|Location||University of Technology Sydney, Plant Functional Biology and Climate Change Cluster|
|Eligibility||Australian residents only|
Understanding nutrient acquisition strategies in planktonic dinoflagellates under different regimes of environmental variability
Dinoflagellates are a diverse functional group of phytoplankton that occupy important niches in marine and freshwater environments. Many species have major ecological and economic impacts, including the formation of harmful algal blooms, symbioses with marine animals that ultimately underpin coral reef ecosystems, and play key biogeochemical and trophic role in pelagic coastal and open ocean environments. In comparison to other functional groups, dinoflagellates grow more slowly and take up nutrients less efficiently, but how they persist in dynamic aquatic environments is still relatively unexplored.
This project will investigate the strategies dinoflagellates use to grow under increasing environmental variation; specifically examining whether they transition from a principally autotrophic (photosynthetic) to mixotrophic mode, whereby cells subsidise their light-driven carbon fixation by taking up organic nutrients or engulfing prey (phagotrophy).
The PhD candidate will undertake acclimation and experimental evolution
studies with numerous dinoflagellate taxa to investigate responses to
changes in environmental variability on two timescales: (1) short (weeks)
time scales where acclimation responses dominate, and the impact of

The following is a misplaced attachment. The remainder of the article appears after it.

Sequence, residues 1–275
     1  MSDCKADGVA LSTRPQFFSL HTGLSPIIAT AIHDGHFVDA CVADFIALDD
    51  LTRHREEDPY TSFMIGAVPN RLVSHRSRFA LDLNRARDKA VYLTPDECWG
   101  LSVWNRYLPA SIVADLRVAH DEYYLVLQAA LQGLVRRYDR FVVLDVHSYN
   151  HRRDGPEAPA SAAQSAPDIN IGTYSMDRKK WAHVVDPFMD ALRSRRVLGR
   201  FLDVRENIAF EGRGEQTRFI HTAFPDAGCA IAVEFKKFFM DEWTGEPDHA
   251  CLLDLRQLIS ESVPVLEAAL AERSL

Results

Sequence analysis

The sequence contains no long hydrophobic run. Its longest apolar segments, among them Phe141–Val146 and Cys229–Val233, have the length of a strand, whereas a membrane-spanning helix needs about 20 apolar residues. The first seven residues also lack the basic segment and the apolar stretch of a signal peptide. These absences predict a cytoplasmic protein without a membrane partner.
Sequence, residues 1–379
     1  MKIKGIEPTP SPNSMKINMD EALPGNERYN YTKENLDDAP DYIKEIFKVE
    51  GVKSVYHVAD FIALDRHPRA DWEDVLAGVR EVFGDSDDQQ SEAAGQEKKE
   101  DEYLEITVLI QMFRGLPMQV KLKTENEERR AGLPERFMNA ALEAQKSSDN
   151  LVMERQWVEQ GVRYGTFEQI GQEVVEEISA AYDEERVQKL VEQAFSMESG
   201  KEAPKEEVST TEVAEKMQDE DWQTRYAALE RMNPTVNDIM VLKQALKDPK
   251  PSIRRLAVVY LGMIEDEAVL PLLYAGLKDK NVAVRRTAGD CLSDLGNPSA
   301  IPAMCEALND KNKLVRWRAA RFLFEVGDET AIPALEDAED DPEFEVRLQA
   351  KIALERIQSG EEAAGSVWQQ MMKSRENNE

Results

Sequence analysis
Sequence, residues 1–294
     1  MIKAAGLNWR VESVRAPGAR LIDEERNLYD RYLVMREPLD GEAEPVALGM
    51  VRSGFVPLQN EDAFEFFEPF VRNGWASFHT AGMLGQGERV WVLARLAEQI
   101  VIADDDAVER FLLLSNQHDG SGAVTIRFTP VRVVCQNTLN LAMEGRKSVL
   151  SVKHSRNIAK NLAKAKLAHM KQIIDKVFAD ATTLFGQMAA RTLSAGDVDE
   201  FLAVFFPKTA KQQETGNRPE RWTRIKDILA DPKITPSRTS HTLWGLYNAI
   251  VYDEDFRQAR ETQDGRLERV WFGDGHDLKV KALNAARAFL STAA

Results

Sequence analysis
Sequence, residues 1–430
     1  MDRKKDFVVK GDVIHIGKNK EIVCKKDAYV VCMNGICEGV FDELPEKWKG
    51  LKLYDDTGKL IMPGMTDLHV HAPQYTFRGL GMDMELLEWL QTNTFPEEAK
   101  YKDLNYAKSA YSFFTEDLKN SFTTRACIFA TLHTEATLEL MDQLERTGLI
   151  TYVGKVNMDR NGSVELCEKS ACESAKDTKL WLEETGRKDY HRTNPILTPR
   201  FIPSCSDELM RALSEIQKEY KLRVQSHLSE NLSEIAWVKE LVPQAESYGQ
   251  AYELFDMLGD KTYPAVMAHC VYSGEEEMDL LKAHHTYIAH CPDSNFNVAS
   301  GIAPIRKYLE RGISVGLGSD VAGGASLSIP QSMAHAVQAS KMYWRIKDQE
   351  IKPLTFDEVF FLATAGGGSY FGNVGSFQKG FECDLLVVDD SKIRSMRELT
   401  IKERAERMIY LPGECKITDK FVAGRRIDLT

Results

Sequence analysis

different types of variability (i.e., predictability, uncoupling of
co-correlated environmental parameters) on organismal responses will be
quantified; and (2) long (evolutionary) time scales that include
evolutionary dynamics, to investigate how the intensification of a single
type of environmental variability drives trait evolution.
Given that mixotrophy has a profound impact on the movement of nutrients and energy through the aquatic foodweb, we will focus on nutrient acquisition traits to resolve this key uncertainty in forecasts of ocean nutrient cycling. By understanding how the action of natural selection is affected by environmental variability, these experiments will also provide insight into the choice or selective engineering of phytoplankton stock cultures used in aquaculture, an industry that currently relies on a few selected algal genotypes. Thus, the project has both fundamental and applied science outcomes.
Desirable skills and qualifications of applicants
We are seeking a highly motivated PhD candidate with a background in microbiology, algal physiology, molecular ecology or a related field, and a keen interest in data analytics and bioinformatics. In addition to meeting the general PhD entry requirements of UTS, the ideal candidate should have a first class Honours or Master’s (research) degree and/or published work or research experience. A strong background in genetics and microbiology is desirable; experience with command line and programming skills preferred.
Overseas applications are welcomed (with current IELTS assessments), but the successful applicant must commence their studies no later than 31 August 2018 (visa approved).
How to apply
Expressions of interest including a CV should be sent to Prof Martina Doblin.
Applications close: 15 January 2018, at 5 pm EST.
Applicants for the scholarship must also apply to be admitted to the PhD degree at UTS.
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